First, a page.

The injury will require two surgeries -- one to repair the flexor tendon and the other a replacement of his UCL with a tendon from elsewhere in his body.
The estimated rehab time for the flexor tendon surgery is between three and six months. However, being that this is Eovaldi's second Tommy John surgery -- he had his first such surgery nine years ago as a 17-year-old high school pitcher -- the rehab process is likely to be a bit longer than usual, possibly up to 18 months.
"It's a huge blow," Eovaldi said. "It's my second one, so it's a big deal. Hopefully everything goes well with the surgery and I work hard to get back."
Eovaldi said there had been no discussions between him and doctors about the possibility of these injuries ending his career. That said, he has been advised to be "a little more safe" with the rehab given that it is his second time.
In all likelihood, Eovaldi won't return until the 2018 season, but he was told there is a chance of him returning to pitch from the bullpen in the last month or two of '17. Eovaldi is under team control until '18, but he is arbitration-eligible in '17.
Unlike the first time Eovaldi underwent elbow surgery, the hard-throwing right-hander said he didn't feel much pain this time around. While he described his first injury as "the worst pain" he's had, this injury was more of a slight inconvenience.
"It wasn't a particular pitch or something like that," Eovaldi said. "I just felt a little pinch every time I threw a fastball. After the first inning [in his most recent start], my velocity was down a little bit, but I didn't feel like there was anything to really worry about. But then I got the MRI, and when I got the results, I was really surprised to see that I had torn the flexor tendon off the bone and damaged my UCL."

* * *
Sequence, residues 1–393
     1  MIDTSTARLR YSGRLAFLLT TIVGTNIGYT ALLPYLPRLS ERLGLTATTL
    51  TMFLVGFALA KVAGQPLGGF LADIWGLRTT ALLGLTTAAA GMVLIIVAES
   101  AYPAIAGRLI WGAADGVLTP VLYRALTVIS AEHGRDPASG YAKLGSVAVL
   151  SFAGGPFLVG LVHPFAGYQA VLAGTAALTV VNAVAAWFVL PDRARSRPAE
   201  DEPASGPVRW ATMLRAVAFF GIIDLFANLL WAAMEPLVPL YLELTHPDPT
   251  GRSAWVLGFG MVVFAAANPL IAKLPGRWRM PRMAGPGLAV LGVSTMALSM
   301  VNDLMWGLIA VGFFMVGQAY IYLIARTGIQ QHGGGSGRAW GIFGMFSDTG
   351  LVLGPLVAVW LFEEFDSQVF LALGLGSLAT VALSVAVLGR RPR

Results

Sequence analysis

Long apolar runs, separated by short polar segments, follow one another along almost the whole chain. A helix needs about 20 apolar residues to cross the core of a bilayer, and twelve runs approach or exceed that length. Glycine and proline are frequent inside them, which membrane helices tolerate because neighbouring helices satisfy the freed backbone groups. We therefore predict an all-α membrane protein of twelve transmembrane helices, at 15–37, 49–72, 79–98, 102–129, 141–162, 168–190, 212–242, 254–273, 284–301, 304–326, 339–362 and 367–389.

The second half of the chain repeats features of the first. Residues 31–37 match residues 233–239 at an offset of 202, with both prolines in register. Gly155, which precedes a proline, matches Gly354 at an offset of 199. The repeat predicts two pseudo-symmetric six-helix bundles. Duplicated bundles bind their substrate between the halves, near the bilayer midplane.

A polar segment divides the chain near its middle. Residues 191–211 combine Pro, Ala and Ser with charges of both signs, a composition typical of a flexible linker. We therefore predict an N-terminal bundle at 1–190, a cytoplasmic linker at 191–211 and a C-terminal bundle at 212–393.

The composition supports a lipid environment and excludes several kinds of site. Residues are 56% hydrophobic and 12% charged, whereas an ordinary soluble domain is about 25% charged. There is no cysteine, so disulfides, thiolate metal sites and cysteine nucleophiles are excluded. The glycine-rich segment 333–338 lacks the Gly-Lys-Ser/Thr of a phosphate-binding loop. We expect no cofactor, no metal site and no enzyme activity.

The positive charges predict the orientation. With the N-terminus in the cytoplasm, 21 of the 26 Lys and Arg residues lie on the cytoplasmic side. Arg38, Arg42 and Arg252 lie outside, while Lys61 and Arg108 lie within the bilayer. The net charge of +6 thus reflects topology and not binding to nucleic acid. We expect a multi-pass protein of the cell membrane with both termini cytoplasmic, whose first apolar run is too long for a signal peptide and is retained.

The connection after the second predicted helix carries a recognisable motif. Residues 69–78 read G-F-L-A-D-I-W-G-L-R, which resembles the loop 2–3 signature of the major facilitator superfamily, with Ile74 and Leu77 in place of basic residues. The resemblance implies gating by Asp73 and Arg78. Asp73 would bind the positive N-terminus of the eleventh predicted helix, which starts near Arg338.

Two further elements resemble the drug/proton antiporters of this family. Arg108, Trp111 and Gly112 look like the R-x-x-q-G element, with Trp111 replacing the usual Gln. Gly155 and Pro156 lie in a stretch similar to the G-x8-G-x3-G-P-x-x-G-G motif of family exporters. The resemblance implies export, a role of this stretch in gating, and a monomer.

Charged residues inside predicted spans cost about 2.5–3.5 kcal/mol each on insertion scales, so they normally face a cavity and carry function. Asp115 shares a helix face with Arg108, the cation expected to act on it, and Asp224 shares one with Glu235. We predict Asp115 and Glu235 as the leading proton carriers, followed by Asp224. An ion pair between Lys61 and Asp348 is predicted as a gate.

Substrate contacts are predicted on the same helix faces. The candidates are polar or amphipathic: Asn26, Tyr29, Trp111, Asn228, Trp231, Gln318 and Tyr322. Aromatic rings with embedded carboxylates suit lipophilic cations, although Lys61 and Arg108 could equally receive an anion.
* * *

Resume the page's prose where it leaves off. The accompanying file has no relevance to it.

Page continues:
While it isn't uncommon for a pitcher to have Tommy John surgery twice, it does make it significantly more difficult to come back, especially as a starter. Relief pitchers such as Joakim Soria, Joe Nathan, Jason Isringhausen and Eric Gagne have worked their way back into the Majors after two surgeries, but success stories among starters are more difficult to find. That said, pitchers like Kris Medlen and Chris Capuano have succeeded in back-to-back rehabs.
Eovaldi's 2016 season was marked by inconsistency. He posted a 4.76 ERA in 21 starts and three relief appearances. In his nine wins this season, Eovaldi had an ERA of 1.72, but in his 15 other appearances, his ERA was 7.17.